It was 2 years ago, during one of his trips to Batam that Isaac was invited to view a slum house that his friends from the partner organisation were interested in buying.
“They didn’t know what God had told me about buying a house 5 years before that,” he recounts. “And they weren’t trying to get me to invest in it either, because they knew I barely had any money!”
Buying the house would have given them space to set up a permanent learning space in that slum, where children from that community and neighbouring ones could gather daily for enrichment lessons.
But for Isaac, this stirred something in him from the first time God had spoken about Colours Global: “You’re going to buy a house.”
The slum house, barely the size of a studio apartment, cost about SGD$3,500. That would mean sacrificing a majority of Colours Global’s funds – that is, Isaac’s main livelihood.
“But I knew in my heart that it was the house,” Isaac says, conviction in his voice. “So when I got back to Singapore I immediately called them to say I was going to write a cheque to buy it – because if I took any longer, I might’ve changed my mind!”
So at the age of 28, just as God had said, Isaac Ong bought a house.
The moment we arrive at Noah’s Ark, the children start to trickle in. It’s Saturday morning, so there aren’t any programmes on, but they’re clearly used to gathering there with Rudy, one of the two Bible school students who lives there to serve the community full-time.
“We call it Noah’s Ark because it’s the last house on the edge of the slum that’s by the water,” Isaac shares as we toured the little house that had been thoughtfully painted with animals walking two-by-two.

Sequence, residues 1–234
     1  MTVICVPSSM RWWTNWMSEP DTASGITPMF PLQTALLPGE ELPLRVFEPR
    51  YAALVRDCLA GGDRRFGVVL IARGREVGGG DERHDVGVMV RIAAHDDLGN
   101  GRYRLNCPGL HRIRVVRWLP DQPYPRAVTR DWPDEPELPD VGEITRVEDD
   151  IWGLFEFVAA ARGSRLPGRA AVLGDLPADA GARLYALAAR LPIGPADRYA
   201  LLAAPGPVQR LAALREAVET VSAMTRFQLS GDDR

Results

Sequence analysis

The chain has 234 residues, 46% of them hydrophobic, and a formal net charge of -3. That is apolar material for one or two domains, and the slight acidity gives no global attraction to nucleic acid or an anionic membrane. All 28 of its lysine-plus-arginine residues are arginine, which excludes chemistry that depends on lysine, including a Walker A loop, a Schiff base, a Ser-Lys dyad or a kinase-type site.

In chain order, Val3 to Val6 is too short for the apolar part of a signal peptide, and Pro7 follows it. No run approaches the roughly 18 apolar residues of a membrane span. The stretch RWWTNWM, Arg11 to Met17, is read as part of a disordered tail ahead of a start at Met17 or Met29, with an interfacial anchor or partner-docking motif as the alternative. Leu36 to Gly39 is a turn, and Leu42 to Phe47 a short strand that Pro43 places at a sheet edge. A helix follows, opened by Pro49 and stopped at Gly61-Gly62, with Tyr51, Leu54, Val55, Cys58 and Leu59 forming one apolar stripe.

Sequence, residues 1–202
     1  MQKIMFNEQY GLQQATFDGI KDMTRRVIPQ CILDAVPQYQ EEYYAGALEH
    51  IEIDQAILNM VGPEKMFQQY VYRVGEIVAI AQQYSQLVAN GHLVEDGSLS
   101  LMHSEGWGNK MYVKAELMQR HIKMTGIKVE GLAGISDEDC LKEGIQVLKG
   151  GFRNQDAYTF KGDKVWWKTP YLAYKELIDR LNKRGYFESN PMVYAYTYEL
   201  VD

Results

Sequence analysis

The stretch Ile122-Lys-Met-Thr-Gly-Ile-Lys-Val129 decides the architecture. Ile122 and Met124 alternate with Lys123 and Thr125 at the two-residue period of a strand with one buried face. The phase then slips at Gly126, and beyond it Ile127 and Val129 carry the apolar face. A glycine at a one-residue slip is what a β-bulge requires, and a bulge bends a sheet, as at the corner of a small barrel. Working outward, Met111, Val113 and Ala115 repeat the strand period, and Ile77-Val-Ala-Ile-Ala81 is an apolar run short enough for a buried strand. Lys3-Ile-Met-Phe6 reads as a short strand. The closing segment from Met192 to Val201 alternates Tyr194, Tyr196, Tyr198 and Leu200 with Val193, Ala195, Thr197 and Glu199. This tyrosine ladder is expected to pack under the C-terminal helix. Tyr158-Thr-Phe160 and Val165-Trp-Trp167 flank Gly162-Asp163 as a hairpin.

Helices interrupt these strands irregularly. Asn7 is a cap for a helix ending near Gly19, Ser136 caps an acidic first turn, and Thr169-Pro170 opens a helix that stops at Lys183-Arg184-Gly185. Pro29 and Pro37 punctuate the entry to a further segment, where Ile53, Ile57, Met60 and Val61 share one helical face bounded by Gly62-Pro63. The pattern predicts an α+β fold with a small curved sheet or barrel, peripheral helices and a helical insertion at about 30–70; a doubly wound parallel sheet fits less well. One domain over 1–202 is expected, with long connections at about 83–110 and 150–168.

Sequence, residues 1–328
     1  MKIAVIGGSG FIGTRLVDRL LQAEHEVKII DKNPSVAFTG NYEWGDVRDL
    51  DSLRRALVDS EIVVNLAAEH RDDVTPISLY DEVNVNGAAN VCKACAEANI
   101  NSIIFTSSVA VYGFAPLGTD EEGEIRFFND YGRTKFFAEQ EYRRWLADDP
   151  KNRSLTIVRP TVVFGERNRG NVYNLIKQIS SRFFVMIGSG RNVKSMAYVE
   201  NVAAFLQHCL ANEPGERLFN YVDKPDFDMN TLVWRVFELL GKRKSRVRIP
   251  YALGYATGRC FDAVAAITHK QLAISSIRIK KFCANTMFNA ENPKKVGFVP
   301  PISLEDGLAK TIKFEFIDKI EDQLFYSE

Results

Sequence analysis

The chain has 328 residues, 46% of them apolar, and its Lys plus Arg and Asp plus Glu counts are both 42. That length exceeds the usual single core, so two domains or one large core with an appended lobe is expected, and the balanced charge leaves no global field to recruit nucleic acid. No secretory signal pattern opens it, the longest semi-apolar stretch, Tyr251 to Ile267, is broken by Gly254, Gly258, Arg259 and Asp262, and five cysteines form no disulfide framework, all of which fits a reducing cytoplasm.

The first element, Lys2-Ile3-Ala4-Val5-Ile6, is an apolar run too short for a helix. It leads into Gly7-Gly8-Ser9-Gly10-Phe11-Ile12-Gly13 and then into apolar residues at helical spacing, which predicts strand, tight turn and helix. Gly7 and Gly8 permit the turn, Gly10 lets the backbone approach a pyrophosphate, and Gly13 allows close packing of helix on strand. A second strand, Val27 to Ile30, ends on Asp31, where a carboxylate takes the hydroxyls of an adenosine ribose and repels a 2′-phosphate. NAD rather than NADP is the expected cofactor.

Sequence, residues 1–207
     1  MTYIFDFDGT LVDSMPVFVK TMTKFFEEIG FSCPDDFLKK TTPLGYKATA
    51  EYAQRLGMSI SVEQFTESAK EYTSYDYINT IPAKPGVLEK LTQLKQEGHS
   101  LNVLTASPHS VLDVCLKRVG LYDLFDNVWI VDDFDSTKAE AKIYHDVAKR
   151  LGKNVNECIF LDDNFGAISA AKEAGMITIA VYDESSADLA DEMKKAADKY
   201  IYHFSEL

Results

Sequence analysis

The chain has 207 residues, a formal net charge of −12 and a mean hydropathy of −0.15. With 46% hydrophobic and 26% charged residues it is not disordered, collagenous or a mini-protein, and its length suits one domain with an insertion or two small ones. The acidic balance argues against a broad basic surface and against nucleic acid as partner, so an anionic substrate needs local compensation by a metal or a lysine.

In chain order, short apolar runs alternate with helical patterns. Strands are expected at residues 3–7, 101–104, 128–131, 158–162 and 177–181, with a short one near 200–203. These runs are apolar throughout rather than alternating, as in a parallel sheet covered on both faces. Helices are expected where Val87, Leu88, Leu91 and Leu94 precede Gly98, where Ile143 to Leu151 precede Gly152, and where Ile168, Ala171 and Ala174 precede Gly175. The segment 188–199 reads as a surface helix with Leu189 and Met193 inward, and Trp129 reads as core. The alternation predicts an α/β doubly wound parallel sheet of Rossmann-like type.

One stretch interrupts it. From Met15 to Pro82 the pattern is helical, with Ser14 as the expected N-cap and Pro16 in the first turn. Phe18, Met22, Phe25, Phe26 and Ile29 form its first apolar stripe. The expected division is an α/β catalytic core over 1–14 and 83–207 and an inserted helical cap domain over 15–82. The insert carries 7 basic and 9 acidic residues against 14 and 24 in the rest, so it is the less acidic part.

“It’s also a place where the children can find refuge when they are in trouble.”
Setting up Noah’s Ark is just a start on taking the education initiative in the slums to the next level. Since late last year, Isaac has been assembling teams from Singapore to come over to Batam to hold 2-3 hour children’s programmes – also called Noah’s Ark – at the 40 other villages.
“It’s like a travelling circus where the kids can come down and learn music, drama, arts and craft, play games, which exposes them to English and math … And the parents get to see how their children respond to learning.”
“Many used to be quite unwilling to send their children to school, so in turn the children think that school is boring and go out to work instead.
“But with this Noah’s Ark programme that we bring into their community, the children have so much fun and when their parents see that, they realise that education is important and good for their kids.”
That’s how he hopes to be part of a larger move of God to save these children off the streets, and one day out of the slums – into a greater hope and future.
It’s an invitation open to all Singaporeans, Isaac tells us. And as usual, he’s keeping it simple: Follow him on Instagram (@isaacong) and he’ll be posting details on participating in the Noah’s Ark tour very soon.
“What’s one ferry ticket and 45 minutes to come to Batam, right?”
As we say goodbye, the children take our hands in theirs, placing the back of our hands on their foreheads as a sign of respect.
Moved by all that I’ve heard from him today, I find myself returning the action, which startles the little girl who’s greeting me. “This is usually done to someone senior,” Rudy explains. Someone of a higher status. But that’s not who I am, or what I want to be seen as: In God’s Kingdom, I am no higher than anyone.
And this is the spirit Isaac walks in, whether he’s on stage or in the slums, which makes him the true voice of a generation: He’s always serving, always loving.
Always bringing out the God-colours in the world.